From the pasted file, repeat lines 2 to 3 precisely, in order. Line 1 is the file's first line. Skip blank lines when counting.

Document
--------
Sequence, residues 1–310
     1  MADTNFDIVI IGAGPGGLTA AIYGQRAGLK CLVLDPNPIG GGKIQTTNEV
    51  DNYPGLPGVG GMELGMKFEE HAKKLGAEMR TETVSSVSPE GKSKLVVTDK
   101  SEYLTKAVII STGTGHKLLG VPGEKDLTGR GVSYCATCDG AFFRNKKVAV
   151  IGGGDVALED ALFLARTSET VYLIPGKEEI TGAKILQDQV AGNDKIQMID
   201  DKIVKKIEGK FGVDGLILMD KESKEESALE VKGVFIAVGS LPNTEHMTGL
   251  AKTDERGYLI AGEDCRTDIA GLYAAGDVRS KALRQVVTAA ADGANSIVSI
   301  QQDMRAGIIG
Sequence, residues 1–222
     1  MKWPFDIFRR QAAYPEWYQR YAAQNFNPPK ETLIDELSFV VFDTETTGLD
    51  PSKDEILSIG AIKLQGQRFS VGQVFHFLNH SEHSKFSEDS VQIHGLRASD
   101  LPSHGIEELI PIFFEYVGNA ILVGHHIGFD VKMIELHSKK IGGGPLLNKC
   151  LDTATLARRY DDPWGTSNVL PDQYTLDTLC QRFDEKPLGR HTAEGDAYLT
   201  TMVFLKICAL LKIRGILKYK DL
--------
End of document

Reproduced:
     1  MADTNFDIVI IGAGPGGLTA AIYGQRAGLK CLVLDPNPIG GGKIQTTNEV
    51  DNYPGLPGVG GMELGMKFEE HAKKLGAEMR TETVSSVSPE GKSKLVVTDK